MER - Mom Egg Review

Devon Balwit – Poetry

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Devon Balwit



On the bus, I talk to myself, reviewing
the day’s tragedies. For each humiliation,
I shake my head like a dog clearing mites
or like a person battling Parkinson’s.
The oddness intensifies as I throw up
my hands to punctuate each inner whatever.
Someone watching is bound to pity me
but for the wrong reasons, thinking
me unable to afford my meds.

Freud marveled that a stroke could erase all
but the final word heard before the trauma.
With get or no the patient’s sole lexicon, think
of the power required to reveal love or enmity
or ask for the salt. As any word might be my last,
best to avoid monosyllables and speak only
in favorites—plangent or murmuration.

After work, I crave a drink but clock out
too early. What would it be like to pour anyway,
again and again. Again, I tsk and shake my head.
My dog pities this needless complication
of pleasure. I throw his gutted bear. He cracks
its plush neck, spinning amidst cottony innards.



My father tells the man he will not move
his car. Like an elephant carcass mounded

where it fell, only an army of scavengers
could budge him, even then, leaving the bones.

When asked for his ticket, he also refuses,
as if his standing in the theater doorway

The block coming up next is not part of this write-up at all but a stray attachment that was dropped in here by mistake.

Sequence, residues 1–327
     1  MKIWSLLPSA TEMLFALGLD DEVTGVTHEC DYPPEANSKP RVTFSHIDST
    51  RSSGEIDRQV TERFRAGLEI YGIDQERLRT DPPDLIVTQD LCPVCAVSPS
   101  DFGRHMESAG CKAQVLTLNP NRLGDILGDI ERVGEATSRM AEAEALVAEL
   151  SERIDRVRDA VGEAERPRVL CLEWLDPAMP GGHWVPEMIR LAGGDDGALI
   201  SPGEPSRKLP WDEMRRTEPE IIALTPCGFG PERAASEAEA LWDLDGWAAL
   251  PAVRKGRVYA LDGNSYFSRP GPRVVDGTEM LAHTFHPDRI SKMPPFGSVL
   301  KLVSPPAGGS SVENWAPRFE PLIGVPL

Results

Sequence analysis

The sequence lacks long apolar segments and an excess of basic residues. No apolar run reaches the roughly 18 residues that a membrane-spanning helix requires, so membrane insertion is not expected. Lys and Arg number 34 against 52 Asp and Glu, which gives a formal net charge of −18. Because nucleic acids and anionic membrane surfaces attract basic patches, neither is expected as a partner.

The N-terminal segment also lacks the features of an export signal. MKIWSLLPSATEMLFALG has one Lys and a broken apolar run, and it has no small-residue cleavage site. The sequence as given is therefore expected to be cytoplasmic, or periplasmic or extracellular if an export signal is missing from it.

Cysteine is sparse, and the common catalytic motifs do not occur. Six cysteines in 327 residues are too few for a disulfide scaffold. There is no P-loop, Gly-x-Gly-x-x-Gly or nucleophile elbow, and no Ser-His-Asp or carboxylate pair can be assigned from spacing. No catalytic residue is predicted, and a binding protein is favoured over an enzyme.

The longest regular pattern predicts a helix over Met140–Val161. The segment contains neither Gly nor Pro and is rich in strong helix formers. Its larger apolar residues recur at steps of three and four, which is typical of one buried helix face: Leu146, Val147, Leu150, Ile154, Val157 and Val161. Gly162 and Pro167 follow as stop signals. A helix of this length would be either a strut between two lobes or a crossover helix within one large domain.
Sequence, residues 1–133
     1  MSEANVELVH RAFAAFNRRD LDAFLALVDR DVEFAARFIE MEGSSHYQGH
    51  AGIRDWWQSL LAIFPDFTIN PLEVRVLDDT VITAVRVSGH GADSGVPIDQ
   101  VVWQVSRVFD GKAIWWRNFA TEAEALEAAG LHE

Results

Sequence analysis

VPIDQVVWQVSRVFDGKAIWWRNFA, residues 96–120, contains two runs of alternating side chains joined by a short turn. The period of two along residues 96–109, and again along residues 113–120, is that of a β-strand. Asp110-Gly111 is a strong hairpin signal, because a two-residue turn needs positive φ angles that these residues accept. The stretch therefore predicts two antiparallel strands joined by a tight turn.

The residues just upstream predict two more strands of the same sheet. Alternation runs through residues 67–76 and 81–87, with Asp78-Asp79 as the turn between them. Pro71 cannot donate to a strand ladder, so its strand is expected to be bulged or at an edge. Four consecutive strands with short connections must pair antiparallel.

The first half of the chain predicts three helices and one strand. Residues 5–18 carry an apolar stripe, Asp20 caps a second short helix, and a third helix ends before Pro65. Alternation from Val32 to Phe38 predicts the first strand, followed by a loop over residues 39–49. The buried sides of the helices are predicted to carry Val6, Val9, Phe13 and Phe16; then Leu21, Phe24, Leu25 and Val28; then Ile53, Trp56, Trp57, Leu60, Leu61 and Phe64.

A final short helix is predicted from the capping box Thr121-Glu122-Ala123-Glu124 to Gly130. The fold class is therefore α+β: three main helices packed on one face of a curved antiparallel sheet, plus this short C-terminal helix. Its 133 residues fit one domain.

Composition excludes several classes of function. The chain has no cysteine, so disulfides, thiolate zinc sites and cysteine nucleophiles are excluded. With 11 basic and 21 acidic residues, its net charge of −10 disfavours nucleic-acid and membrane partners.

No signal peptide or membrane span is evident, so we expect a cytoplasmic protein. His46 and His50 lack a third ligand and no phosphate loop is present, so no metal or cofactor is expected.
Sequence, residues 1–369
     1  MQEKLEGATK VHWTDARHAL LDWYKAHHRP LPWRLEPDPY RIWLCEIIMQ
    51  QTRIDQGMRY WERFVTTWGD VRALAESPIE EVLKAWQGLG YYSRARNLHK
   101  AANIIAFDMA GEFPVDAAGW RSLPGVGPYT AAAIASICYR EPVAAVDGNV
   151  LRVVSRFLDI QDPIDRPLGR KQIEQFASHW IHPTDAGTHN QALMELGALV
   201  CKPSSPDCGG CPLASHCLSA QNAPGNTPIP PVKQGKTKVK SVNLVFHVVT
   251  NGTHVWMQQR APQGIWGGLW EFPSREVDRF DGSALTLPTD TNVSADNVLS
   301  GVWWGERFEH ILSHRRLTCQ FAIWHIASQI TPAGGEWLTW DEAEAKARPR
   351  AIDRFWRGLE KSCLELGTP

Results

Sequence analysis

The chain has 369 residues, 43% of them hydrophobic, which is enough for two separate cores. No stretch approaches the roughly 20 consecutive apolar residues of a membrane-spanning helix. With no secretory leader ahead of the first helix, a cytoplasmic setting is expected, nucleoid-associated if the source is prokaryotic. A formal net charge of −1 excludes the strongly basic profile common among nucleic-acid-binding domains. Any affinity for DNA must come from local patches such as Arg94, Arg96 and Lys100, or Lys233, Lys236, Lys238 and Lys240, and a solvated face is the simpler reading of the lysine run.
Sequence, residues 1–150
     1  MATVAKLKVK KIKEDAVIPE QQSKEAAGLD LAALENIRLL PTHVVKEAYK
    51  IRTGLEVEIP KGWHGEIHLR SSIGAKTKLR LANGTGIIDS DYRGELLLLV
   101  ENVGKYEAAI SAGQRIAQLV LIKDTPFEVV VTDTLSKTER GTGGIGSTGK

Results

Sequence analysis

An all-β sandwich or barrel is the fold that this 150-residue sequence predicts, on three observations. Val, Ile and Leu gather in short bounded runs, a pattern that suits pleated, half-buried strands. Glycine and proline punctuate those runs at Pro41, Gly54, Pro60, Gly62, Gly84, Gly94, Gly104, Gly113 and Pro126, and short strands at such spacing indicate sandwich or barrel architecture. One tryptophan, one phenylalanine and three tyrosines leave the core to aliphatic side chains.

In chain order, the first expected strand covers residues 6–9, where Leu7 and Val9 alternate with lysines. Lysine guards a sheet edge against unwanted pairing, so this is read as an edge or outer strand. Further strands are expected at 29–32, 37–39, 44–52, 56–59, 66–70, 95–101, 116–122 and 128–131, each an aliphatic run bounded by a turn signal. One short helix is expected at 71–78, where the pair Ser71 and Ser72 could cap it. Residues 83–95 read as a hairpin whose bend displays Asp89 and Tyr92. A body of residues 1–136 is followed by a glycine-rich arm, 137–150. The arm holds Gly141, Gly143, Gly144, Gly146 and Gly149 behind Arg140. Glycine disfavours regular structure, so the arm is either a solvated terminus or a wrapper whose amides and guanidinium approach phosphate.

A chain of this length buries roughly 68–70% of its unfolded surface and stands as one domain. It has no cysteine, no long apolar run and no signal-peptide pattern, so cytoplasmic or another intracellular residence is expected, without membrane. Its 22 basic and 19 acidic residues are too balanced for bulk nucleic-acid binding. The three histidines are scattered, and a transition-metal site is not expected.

were proof enough he should be given
whatever he asks, remaining upright

its own prize. His hands strain not
to let go. In a movie, others would haul him

to safety. Here, there is only falling, me
looking on. I want to comfort, but afraid

for myself, I salt abrasions, sorry-
assedness beating on me like the noonday

sun. I scurry from shade to shade,
my inheritance. I want nothing more

than to scuttle away. Knowing each excuse,
my father’s death mask rests on his desk,

regarding me from behind shut eyelids.
I position myself to be seen.


Devon Balwit teaches in the Pacific Northwest. She has six chapbooks and three collections out or forthcoming, among them: We are Procession, Seismograph (Nixes Mate Books), Risk Being/Complicated (A collaboration with Canadian artist Lorette C. Luzajic); Where You Were Going Never Was (Grey Borders); and Motes at Play in the Halls of Light (Kelsay Books). Her individual poems can be found here in MER as well as in The Cincinnati Review, apt, Posit, The Carolina Quarterly, The Free State Review, Peacock Journal, The Ekphrastic Review, Eclectica, SWWIM, and more.


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